|Publication number||US4238165 A|
|Application number||US 06/006,956|
|Publication date||Dec 9, 1980|
|Filing date||Jan 25, 1979|
|Priority date||Jan 25, 1979|
|Also published as||CA1120755A, CA1120755A1, DE3000697A1, DE3000697C2|
|Publication number||006956, 06006956, US 4238165 A, US 4238165A, US-A-4238165, US4238165 A, US4238165A|
|Inventors||David P. Wagner|
|Original Assignee||Illinois Tool Works Inc.|
|Export Citation||BiBTeX, EndNote, RefMan|
|Patent Citations (14), Referenced by (57), Classifications (15)|
|External Links: USPTO, USPTO Assignment, Espacenet|
This application is related to U.S. patent application Ser. No. 932,744, filed Aug. 10, 1978.
Plastics are finding wider and wider areas of application due to their light-weight, high-strength characteristics. With these advantages plastics bring certain problems. More specifically, due to the tendency of plastic materials to cold flow under load, clamping and fastening the plastic members by conventional methods becomes impossible. This is because standard screws and bolts depend on pressure from the joint to prevent fastener back off and loosening of the joint. When the plastic cold flows, it relieves the joint pressure leaving the fastener free to vibrate out of the joint.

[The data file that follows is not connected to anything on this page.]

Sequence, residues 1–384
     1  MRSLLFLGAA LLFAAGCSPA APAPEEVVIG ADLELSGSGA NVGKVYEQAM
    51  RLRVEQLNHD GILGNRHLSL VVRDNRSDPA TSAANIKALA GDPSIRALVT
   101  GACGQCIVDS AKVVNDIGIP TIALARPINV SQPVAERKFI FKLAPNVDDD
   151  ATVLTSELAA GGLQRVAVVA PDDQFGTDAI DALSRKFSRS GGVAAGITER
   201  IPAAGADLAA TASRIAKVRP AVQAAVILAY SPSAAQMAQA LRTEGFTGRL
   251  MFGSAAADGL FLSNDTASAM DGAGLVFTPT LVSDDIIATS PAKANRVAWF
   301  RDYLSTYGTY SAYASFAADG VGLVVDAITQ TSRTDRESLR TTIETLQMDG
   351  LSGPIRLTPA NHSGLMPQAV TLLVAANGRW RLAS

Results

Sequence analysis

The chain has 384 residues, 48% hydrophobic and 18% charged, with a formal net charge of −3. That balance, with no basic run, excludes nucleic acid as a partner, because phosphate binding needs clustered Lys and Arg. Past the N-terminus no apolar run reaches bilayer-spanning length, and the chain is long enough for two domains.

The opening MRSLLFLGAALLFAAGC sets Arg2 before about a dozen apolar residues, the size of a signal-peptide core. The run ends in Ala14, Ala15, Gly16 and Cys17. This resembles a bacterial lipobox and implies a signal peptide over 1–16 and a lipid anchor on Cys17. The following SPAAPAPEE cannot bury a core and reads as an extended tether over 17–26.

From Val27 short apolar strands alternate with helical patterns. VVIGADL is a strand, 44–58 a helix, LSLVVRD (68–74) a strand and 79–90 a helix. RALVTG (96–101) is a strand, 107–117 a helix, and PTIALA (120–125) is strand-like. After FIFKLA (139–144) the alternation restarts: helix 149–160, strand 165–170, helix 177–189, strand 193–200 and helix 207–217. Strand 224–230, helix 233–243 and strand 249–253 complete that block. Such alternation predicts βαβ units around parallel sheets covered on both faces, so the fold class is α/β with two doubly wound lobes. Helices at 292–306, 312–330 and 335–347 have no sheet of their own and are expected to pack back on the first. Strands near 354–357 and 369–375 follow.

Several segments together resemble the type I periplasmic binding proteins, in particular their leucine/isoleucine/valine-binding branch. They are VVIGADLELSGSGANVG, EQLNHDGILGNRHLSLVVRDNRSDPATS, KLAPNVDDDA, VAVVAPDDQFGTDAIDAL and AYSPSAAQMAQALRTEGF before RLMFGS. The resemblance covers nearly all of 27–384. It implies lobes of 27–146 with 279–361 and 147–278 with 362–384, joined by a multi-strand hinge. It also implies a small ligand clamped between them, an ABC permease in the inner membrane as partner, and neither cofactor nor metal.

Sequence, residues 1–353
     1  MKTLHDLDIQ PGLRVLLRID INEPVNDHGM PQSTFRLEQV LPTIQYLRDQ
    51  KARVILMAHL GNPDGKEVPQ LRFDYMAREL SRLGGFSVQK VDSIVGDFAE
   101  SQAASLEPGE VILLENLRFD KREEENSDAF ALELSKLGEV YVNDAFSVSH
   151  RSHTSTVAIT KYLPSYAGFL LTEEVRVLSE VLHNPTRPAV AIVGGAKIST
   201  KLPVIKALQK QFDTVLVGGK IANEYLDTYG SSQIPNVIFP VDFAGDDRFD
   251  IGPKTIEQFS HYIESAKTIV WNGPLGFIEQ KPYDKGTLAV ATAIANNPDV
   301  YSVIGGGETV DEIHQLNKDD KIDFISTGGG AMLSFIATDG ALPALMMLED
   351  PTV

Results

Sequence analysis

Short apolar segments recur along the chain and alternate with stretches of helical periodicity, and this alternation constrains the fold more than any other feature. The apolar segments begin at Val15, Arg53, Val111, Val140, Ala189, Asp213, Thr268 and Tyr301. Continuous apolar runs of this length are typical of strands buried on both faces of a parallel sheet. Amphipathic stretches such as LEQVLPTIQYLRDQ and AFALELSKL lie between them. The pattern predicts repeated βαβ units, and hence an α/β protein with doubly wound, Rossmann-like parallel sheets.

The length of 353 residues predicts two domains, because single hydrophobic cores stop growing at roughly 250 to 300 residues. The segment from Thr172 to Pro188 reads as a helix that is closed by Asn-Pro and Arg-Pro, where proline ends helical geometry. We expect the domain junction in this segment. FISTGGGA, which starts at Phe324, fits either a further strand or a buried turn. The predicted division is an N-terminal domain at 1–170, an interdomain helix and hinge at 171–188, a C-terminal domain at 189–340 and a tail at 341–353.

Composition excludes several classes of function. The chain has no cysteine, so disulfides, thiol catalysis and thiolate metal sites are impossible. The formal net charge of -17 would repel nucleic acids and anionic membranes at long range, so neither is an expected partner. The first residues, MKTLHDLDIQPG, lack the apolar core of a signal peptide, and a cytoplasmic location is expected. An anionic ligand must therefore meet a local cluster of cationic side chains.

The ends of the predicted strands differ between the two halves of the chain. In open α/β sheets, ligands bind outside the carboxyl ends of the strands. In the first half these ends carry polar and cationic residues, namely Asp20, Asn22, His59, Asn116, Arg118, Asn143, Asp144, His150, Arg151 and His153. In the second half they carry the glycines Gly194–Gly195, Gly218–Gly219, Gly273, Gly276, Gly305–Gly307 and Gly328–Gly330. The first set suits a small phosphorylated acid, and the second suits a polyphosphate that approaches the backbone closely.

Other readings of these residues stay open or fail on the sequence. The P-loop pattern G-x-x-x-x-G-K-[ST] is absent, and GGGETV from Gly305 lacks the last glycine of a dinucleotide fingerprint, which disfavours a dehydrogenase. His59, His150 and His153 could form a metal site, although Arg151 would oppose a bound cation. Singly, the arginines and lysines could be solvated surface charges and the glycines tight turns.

A further problem arises when these plastic members are fastened to a relatively thin sheet metal support. Because of the thinness of the material, there are only a few threads of the fastener engaged with the workpiece. Hence the stripping torque (that is, the amount of rotational force necessary to ream the threads out of the workpiece) is relatively low. The higher the stripping torque, the greater the resistance to fastener back off. Thus the problem of fastening plastic materials becomes most accute when fastening them to thin sheet metal.
The thinness of the metal forming the support creates a third related problem. The drive torque (or amount of rotation force necessary to insert the fastener) will vary depending on such parameters as the local hardness of the sheet metal, the hardness of the fastener threads and the angle of fastener insertion, among others. The workman would like to select a torque for the power driver which (1) will insure every fastener will be driven (2) without over-torquing or stripping any. Due to the low stripping torque in the thin metal, the workman has a very narrow range of torques, if any, which will permit both requirements to be satisfied.
It is an object of the present invention to provide a fastener unit capable of fastening plastic to thin sheet metal which, in operation, will have a greatly increased stripping torque inspite of the characteristics of the plastic and the sheet metal. This will enhance the capabilities of the unit as a fastener and facilitate its use by enlarging the range of torques with which it may satisfactorily be driven.